Cuomo Launches Citizen Town Hall Website

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    NEWSLETTERS

    TK
    AP

    Gov. Andrew Cuomo started a new website Thursday to solicit comments from New Yorkers, promote his agenda, and announce meetings and travel destinations.

    The state-paid website will also allow what Cuomo says will be online town halls. Cuomo will hold the first Internet chat Saturday morning, and aides will do more in following weeks. The site allows New Yorkers to pose questions and recommend actions as a way to improve state government by involving citizens.

    Cuomo has said he wants to promote his initiatives directly to the public to avoid what he calls the "beltway politics" of those who oppose his measures and news organizations.

    Cuomo's press office has been aggressive when faced with opposing views in news stories. His administration has also been criticized for blacking out material in state records sought by reporters under the state Freedom of Information Law.

    "Democracy works when the voice of the people rings strong and citizens participate in government," Cuomo said in a statement released Thursday. "It will be a place New Yorkers can visit to communicate with their leaders and sign up for community activities; and it will allow New Yorkers to have a direct window into the workings of their government ... It's time government gets up to date."

    The schedules of past months released Thursday by Cuomo portray the Democrat as a tireless executive with frequent public policy meetings followed by business dinners with lawmakers in the governor's mansion. They replace what was long presented to the public as the governor's official schedule, but which is now being called a "proposed schedule."

    The schedules released Thursday also note a meeting he had with New Jersey Gov. Chris Christie just days before each governor would claim they knew nothing of the Port Authority's proposed toll increases and detail Cuomo's response to the recent tropical storms.

    Cuomo used private aircraft of political backers twice to events, which Cuomo reported as "in-kind services" in campaign contributions. Cuomo said he hasn't yet used state aircraft for a "mixed use" of political activity and government work, but his administration makes it clear Albany's rules for use of aircraft allow governors to fly to political events if they reimburse for the cost and there is some legitimate government purpose to part of the trip.

    In one trip to Syracuse that was to include a campaign fundraiser, the political supporter who provided the plane isn't identified and won't be until campaign filings are released months from now.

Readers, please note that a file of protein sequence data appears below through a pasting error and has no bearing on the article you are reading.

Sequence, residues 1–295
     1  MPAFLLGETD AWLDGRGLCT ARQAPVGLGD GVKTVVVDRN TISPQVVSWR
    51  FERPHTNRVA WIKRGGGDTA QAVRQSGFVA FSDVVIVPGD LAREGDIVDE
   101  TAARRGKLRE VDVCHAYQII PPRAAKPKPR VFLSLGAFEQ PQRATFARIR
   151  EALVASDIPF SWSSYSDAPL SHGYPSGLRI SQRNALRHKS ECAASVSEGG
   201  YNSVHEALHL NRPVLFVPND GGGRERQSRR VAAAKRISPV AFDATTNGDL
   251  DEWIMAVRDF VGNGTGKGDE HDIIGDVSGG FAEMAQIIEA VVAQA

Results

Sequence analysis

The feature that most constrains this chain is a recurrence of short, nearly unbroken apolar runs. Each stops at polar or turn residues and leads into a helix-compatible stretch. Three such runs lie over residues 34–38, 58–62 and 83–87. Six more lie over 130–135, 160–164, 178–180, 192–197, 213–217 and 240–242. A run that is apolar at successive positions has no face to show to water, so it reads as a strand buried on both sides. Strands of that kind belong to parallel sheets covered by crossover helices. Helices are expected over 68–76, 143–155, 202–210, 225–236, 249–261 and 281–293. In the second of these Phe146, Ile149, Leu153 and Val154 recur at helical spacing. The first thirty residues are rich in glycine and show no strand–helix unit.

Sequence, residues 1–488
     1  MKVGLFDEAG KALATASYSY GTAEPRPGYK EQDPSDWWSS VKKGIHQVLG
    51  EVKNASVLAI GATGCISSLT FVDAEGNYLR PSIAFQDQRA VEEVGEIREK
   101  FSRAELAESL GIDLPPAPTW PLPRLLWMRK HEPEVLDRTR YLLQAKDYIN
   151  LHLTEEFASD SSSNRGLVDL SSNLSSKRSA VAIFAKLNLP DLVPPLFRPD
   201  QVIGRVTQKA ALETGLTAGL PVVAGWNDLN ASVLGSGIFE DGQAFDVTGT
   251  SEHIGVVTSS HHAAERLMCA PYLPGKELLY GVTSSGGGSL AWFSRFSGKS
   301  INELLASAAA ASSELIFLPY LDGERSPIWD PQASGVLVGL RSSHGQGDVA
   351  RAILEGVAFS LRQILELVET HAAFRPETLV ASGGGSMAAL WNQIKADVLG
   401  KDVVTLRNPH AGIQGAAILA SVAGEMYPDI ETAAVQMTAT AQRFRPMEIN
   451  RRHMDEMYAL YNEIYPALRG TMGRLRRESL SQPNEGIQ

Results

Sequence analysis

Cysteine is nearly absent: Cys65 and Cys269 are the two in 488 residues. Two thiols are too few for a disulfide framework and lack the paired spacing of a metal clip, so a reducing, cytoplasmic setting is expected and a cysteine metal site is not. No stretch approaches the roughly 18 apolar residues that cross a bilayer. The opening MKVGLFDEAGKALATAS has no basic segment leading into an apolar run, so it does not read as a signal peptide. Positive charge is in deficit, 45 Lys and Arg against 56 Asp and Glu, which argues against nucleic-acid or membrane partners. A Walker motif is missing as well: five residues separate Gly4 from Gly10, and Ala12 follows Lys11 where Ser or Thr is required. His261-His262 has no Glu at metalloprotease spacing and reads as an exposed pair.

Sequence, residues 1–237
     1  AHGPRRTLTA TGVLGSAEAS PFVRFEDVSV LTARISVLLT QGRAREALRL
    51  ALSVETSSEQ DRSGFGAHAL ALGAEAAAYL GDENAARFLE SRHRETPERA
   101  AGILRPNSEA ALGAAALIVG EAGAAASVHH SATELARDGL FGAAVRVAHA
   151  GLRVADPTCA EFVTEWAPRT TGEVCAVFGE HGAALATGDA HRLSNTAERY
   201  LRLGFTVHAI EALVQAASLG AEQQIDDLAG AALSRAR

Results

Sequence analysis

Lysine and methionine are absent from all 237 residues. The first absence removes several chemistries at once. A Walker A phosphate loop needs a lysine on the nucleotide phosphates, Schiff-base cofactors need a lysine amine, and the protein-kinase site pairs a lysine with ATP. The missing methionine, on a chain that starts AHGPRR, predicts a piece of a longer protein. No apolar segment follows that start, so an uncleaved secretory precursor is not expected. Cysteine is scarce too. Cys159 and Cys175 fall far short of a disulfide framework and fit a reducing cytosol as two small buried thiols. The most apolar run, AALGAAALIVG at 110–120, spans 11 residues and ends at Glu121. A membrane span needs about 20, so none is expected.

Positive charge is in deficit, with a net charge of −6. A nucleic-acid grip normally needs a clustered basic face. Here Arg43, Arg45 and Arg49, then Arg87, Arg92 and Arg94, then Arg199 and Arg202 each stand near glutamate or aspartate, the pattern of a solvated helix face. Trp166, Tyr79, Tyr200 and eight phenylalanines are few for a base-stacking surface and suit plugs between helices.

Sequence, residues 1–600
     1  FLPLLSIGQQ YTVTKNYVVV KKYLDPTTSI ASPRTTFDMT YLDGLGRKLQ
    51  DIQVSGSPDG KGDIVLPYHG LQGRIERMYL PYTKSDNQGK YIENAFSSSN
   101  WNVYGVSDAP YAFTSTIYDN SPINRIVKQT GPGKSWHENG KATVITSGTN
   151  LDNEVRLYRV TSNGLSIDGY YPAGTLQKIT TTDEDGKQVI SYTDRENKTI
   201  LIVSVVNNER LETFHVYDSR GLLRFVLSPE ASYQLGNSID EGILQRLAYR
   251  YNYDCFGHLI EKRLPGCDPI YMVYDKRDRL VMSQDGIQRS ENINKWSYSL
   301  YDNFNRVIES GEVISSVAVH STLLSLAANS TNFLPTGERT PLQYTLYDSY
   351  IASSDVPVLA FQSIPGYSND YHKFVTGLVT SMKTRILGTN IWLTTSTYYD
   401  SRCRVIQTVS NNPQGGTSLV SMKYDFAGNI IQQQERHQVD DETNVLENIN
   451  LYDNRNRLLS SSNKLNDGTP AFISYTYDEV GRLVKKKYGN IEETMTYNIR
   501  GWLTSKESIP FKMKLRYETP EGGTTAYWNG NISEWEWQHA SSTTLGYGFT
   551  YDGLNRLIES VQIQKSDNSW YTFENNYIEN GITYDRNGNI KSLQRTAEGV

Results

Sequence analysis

The information Cuomo now provides, however, comes with a caveat that "unofficial or personal events" aren't included and information has been withheld that "might tend to compromise security."

    That security issue has been used by Cuomo to redact the destinations for his past use of state aircraft in a request under the state Freedom of Information Law by The Associated Press in August. The AP reported that Cuomo used state aircraft at times to take him to his home in Westchester County and pick up him to start his day, requiring state police to fly the aircraft to or from Albany where the aircraft must be kept overnight.

    The new schedules released Thursday noted most of his trips to Westchester, but listed them as part of official trips earlier that day without reference to going home. Cuomo doesn't reimburse the state for those trips and, through spokesmen, defends the trips to and from home worth about $1,000 an hour.

    Cuomo did reimburse state for more than $1,000 for a friend of his daughter's who went with the governor and his daughter to an event on Long Island this summer.

    Cuomo never sought an opinion from the state Commission on Public Integrity on the complex issue that has snared Govs. Eliot Spitzer and George Pataki in the past. Instead, he said his executive branch attorneys found it appropriate.

    Cuomo, without the usual press conference or advance notice for major legislation, signed an ethics reform bill the day the AP story was published that dissolved the commission, which would have also investigated any complaint of Cuomo's use of aircraft until a new board to be created in coming months .

    The administration said Cuomo signed the new ethics bill not because of the story, but because the governor was headed for vacation.

    The administration had no cost for the new website, but said it was compiled with state workers, not outside consultants. The administration isn't certain how quickly the schedules and use of aircraft will be updated.